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Bewildering Stories

David K. Scholes, Essential Reading in Science Fiction


Essential Reading in Science Fiction
Author: David K. Scholes
Publisher: Amazon
Length: 249 pp., 304 kb
ISBN: 1449581889

Internet Writer

They only ever knew him by his posting name B Dub.

As a youth he hoped for recognition and perhaps even a modicum of fame.

It did not come, at least not then.

He posted his stories on various web sites on the internet, receiving occasional mixed reviews. His various offerings to assorted literary agents, publishers and magazines were singularly unsuccessful. Eventually, he stopped contacting them. Tired to his soul of rejection.

A bitterness developed within him that increased over time. Yet the writing did not stop. Rather it increased. He took to a hermit life, existing only to write and post his literary efforts on the internet.

For a long time he regularly checked the internet sites for the numbers of hits on his stories. They were only modest numbers and eventually he tired even of this. Though he kept on writing and posting on the net.

By the time the number of viewings of his stories became significant he had long since ceased to check them.

Somehow, somewhere along the line, the entirely self taught writer’s work had begun to improve.

In time a few people began to seek him out. A few fans, one or two literary agents, even a publisher. By then he had become completely non contactable.

A year later after submerging himself in his isolated cottage haven for many months B Dub finally came up for air. Taking a long, long walk in the surrounding countryside he came across a torn and dirty page of a magazine. He was half tempted to pick it up. Had he done so he would have been astonished. It was the front page of Time magazine itself that asked the simple question “Who is B Dub?”

Back again in his cottage retreat, B Dub fleetingly considered checking the number of hits against one or two of his recent stories. Had he done so, he would have been very surprised indeed. The number of hits on a story that he had written just one month ago was past the one million mark. Older stories of his were well in excess of this mark.

B Dub never knew the impact his electronic literature had on society. Later a phenomenon began to develop where people would take time off school and work to read his electronic offerings as soon as they became available. The phenomenon started with youth but spread to more the more mature segments. A hunger for the stories that could not seem to be quenched even with extensive re-reading.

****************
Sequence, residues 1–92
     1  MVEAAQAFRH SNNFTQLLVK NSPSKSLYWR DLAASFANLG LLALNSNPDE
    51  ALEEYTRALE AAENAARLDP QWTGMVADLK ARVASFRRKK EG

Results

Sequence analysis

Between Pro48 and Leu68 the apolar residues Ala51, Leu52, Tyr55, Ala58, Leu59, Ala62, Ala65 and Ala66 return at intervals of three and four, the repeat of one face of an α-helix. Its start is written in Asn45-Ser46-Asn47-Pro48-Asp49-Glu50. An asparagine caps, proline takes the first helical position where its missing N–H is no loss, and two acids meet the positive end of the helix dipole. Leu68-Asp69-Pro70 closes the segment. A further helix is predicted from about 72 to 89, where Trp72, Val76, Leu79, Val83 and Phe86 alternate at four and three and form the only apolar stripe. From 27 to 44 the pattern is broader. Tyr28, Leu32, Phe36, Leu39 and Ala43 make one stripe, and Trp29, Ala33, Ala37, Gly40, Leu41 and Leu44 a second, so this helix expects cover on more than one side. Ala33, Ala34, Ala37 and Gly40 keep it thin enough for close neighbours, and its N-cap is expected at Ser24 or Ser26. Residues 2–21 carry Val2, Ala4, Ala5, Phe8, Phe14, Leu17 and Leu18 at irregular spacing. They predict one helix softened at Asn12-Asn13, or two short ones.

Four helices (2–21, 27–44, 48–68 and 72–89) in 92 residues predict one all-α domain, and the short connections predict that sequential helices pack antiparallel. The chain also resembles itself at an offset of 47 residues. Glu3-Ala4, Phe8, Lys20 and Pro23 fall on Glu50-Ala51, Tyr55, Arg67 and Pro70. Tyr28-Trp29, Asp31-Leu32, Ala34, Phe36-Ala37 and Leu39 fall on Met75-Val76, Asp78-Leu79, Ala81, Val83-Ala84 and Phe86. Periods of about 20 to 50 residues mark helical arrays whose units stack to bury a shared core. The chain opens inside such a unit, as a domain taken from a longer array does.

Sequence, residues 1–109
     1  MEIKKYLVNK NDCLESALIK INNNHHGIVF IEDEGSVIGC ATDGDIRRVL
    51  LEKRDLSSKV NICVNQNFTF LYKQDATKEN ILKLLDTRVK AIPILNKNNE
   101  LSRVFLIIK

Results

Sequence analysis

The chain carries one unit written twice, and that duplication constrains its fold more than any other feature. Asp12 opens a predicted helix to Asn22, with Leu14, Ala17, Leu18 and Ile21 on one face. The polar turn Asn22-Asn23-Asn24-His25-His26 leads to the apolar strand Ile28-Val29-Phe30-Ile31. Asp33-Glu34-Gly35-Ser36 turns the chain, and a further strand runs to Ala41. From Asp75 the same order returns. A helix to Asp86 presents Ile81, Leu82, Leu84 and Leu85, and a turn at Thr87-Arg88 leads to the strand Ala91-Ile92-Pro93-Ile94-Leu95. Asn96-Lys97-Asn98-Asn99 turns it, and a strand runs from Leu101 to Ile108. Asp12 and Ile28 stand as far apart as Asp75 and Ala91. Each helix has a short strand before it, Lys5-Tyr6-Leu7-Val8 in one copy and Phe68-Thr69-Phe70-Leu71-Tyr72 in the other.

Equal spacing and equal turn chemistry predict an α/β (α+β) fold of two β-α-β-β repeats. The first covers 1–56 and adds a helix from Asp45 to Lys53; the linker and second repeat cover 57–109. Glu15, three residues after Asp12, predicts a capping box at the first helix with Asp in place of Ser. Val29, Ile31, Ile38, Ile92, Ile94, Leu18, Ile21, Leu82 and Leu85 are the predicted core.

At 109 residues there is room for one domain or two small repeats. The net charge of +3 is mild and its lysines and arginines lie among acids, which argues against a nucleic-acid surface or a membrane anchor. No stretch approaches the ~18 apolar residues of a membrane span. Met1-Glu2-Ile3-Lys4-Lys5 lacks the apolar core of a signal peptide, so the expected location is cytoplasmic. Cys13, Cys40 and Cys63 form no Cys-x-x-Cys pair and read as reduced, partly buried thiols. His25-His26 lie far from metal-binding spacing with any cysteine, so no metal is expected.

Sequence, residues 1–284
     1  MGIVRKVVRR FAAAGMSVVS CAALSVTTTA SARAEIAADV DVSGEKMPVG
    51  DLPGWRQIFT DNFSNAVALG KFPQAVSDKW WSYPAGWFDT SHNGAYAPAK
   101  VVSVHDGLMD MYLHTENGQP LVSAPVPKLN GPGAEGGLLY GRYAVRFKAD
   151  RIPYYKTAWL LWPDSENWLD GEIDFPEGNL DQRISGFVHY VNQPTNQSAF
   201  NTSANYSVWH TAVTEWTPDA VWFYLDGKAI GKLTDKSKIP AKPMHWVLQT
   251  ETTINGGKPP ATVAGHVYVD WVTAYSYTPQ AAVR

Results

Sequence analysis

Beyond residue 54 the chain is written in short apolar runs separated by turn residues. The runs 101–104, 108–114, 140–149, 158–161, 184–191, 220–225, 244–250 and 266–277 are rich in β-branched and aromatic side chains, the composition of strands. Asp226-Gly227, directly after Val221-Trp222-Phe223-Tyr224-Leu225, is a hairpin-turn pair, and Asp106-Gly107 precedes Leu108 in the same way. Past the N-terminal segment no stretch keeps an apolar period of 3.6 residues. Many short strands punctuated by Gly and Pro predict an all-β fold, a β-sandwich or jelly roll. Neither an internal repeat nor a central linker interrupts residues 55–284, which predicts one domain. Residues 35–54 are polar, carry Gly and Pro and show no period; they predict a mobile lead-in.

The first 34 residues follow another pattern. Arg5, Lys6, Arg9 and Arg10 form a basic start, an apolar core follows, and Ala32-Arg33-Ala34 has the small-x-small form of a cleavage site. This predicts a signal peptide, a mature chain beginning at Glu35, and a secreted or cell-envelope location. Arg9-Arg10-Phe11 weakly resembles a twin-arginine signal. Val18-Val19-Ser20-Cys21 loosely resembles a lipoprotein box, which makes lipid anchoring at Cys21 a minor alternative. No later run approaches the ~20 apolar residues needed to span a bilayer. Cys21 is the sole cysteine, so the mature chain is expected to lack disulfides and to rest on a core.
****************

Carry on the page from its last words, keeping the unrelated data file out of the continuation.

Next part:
One economist once calculated the resultant loss of productivity to the major economies but Government saw to it that the figures were hushed up.

Though he stayed almost completely out of human affairs B Dub, as he grew older, did not allow technology to completely pass him by. Fanatically he made sure that there was no intrusion on his privacy, electronic or otherwise.

Finally B Dub’s prodigious output of superb electronic literature ceased. Quite abruptly. Only death had been able to silence him.

The man known only as B Dub never earned a red cent, or as Australians would say “a brass razoo” from his many decades of writings. Almost paradoxically, neither did anyone else. Among his greatest fans were a large firm of pre-eminent lawyers who made sure of this.

The literary works of B Dub were available free of direct charge to anyone who could access the internet. Which later in his life was pretty much every literate person on Earth.

Just as in B Dub’s time the physical book yielded to the e-book, available on a myriad of small portable devices, so after that time the e-book yielded to further advances in technology.

For a time interest in the work of Dub, internet writer, deceased, seemed in decline.

That is until mankind was admitted as a fledgling member of the Galactic Federation and a new market for his works emerged.

The rest of the Galaxy!

Final Revenge

The landscape was as bleak, and barren, as any he had experienced. Not a single strand of vegetation and just a small dilapated cottage located on the broadest part of the isthmus.

At least it had the shape of an isthmus. A long narrow neck and bulbous head. Yet there was nothing behind the isthmus or ahead of it, or above or below it. Not even the stars.

It just sat there in a sea of nothingness.

If the mighty Thor had encountered a more miserable place, in all of his vast travels, he could not recall it.

The cottage reminded him of a disused crofter’s residence in the islands of the Outer Hebrides of a world he had once protected.

A woman form, in rags, with long unkempt hair, and suffering etched in her face came out of the cottage. She was frail and slightly bent over. An equally ragged looking, boy child followed her out.